umu.sePublications
Change search
CiteExportLink to record
Permanent link

Direct link
Cite
Citation style
  • apa
  • ieee
  • modern-language-association-8th-edition
  • vancouver
  • Other style
More styles
Language
  • de-DE
  • en-GB
  • en-US
  • fi-FI
  • nn-NO
  • nn-NB
  • sv-SE
  • Other locale
More languages
Output format
  • html
  • text
  • asciidoc
  • rtf
Decentralization and health care prioritization process in Tanzania: from national rhetoric to local reality
Umeå University, Faculty of Medicine, Department of Public Health and Clinical Medicine, Epidemiology and Global Health.
Umeå University, Faculty of Medicine, Department of Public Health and Clinical Medicine, Epidemiology and Global Health.ORCID iD: 0000-0001-7087-1467
Umeå University, Faculty of Medicine, Department of Public Health and Clinical Medicine, Epidemiology and Global Health.ORCID iD: 0000-0001-7234-3510
National Institute of Medical Research (NIMR), Dar es Salaam, United Republic of Tanzania.
Show others and affiliations
2011 (English)In: International Journal of Health Planning and Management, ISSN 0749-6753, E-ISSN 1099-1751, Vol. 26, no 2, e102-e120 p.Article in journal (Refereed) Published
Abstract [en]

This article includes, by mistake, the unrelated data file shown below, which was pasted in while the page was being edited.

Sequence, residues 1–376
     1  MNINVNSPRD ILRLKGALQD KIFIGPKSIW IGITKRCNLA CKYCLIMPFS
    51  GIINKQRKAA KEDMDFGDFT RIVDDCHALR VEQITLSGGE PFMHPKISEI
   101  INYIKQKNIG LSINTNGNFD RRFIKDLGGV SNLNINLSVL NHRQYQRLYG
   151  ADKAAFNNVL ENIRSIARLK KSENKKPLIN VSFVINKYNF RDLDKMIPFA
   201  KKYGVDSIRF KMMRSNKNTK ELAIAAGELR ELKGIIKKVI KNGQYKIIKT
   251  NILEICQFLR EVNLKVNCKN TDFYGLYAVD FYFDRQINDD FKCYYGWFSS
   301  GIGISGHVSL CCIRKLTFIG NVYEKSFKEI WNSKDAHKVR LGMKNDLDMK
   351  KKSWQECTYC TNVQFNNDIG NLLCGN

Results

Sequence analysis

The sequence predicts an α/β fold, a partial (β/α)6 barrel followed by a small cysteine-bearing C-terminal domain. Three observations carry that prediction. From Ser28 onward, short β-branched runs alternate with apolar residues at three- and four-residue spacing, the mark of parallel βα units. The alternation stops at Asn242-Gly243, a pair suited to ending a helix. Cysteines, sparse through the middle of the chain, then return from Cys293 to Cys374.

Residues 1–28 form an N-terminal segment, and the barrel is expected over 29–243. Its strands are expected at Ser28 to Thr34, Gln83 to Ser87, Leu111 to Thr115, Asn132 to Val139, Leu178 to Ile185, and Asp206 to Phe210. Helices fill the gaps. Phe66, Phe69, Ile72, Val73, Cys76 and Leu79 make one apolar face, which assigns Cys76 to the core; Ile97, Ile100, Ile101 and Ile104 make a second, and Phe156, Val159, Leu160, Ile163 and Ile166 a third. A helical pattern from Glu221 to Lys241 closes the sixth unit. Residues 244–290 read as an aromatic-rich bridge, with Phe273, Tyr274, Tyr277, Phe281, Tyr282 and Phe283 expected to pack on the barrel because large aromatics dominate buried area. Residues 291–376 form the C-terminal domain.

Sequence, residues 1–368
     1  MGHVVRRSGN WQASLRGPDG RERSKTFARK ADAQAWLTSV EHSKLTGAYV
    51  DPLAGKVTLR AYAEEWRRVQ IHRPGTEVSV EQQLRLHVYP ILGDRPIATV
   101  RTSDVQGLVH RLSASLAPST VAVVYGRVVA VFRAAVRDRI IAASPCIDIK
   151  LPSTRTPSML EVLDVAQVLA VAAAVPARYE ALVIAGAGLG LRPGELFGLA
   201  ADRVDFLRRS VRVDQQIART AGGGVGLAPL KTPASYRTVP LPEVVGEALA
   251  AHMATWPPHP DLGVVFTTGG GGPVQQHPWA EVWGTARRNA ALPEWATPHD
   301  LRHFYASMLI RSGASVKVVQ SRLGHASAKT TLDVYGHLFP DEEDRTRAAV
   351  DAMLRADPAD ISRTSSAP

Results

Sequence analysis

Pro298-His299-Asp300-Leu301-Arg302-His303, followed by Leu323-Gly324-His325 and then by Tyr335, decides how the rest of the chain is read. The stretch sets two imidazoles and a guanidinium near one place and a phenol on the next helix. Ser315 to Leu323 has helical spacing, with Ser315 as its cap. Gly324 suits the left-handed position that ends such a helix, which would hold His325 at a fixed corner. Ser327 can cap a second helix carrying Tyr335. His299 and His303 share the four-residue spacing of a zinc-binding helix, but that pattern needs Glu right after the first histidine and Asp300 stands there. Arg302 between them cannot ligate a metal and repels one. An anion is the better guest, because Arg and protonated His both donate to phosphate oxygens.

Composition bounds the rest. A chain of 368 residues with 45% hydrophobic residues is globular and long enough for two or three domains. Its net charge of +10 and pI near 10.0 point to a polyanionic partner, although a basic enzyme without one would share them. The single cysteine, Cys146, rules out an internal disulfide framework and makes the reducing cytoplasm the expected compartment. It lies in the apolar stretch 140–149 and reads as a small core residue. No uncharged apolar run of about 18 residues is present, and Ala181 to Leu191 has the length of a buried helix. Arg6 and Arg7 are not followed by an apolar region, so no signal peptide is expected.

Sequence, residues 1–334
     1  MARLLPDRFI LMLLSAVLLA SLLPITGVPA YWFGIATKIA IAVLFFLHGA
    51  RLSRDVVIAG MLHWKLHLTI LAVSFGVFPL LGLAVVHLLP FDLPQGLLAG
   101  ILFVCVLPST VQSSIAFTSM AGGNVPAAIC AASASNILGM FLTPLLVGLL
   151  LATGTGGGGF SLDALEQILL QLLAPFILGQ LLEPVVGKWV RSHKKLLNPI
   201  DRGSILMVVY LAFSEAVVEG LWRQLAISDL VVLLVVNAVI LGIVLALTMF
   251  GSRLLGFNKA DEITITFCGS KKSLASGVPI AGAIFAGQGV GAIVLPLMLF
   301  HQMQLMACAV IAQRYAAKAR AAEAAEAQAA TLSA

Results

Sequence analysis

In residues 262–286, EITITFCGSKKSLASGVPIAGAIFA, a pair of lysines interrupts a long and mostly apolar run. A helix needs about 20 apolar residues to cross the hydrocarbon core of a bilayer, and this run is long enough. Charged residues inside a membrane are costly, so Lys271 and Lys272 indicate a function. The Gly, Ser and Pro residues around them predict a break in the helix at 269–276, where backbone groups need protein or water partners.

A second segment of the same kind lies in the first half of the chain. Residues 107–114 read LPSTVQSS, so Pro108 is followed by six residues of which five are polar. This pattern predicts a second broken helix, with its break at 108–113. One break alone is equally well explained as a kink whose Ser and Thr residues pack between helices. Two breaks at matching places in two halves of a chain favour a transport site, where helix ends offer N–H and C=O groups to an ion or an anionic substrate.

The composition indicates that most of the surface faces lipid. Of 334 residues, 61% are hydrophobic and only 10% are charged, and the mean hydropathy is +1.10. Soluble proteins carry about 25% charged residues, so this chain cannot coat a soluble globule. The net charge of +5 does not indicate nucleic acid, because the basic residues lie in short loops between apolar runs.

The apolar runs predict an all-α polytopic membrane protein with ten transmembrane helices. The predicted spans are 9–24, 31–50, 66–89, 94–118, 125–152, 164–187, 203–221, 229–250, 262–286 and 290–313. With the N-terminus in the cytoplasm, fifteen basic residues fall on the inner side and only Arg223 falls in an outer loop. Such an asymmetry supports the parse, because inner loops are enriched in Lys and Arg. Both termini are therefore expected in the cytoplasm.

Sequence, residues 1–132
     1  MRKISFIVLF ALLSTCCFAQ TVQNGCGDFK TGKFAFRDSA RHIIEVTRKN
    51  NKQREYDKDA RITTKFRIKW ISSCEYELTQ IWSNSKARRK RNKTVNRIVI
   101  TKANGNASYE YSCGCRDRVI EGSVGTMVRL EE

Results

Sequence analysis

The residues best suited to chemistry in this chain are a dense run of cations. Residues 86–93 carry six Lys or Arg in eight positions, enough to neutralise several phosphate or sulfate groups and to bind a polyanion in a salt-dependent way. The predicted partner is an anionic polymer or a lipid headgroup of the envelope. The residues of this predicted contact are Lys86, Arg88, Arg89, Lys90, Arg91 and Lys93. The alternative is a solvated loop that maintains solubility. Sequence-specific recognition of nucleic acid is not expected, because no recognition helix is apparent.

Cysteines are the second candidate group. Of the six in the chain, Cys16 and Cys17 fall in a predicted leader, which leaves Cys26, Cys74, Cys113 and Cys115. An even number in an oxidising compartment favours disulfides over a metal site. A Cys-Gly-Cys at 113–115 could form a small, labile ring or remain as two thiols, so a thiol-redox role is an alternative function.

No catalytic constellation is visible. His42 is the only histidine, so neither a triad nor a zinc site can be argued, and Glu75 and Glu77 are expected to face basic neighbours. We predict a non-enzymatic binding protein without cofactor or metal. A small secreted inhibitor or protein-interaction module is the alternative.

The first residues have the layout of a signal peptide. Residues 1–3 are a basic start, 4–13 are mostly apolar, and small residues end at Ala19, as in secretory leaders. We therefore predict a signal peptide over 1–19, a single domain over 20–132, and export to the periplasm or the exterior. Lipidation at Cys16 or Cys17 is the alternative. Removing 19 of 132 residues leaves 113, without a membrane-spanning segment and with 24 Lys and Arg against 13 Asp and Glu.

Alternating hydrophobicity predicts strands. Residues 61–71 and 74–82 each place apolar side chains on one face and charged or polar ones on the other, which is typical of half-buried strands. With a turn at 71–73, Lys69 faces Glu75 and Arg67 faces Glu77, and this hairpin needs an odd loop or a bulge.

During the 1990s, Tanzania like many other developing countries adopted health sector reforms. The most common policy change under the health sector reforms has been decentralization, which involves the transfer of power and authority from the central level to local authorities. Based on the case study of Mbarali district in Tanzania, this paper uses a policy analysis approach to analyse the implementation of decentralized health care priority setting. Specifically, the paper examines the process, actors and contextual factors shaping decentralized health care priority setting processes. The analysis and conclusion are based on a review of documents, key informant interviews, focus group discussion, and notes from non-participant observation. The findings of the study indicate that local institutional contexts and power asymmetries among actors have a greater influence on the prioritization process at the local level than expected and intended. The paper underlines the essentially political character of the decentralization process and reiterates the need for policy analysts to pay attention to processes, institutional contexts, and the role of policy actors in shaping the implementation of the decentralization process at the district level. Copyright (c) 2010 John Wiley & Sons, Ltd.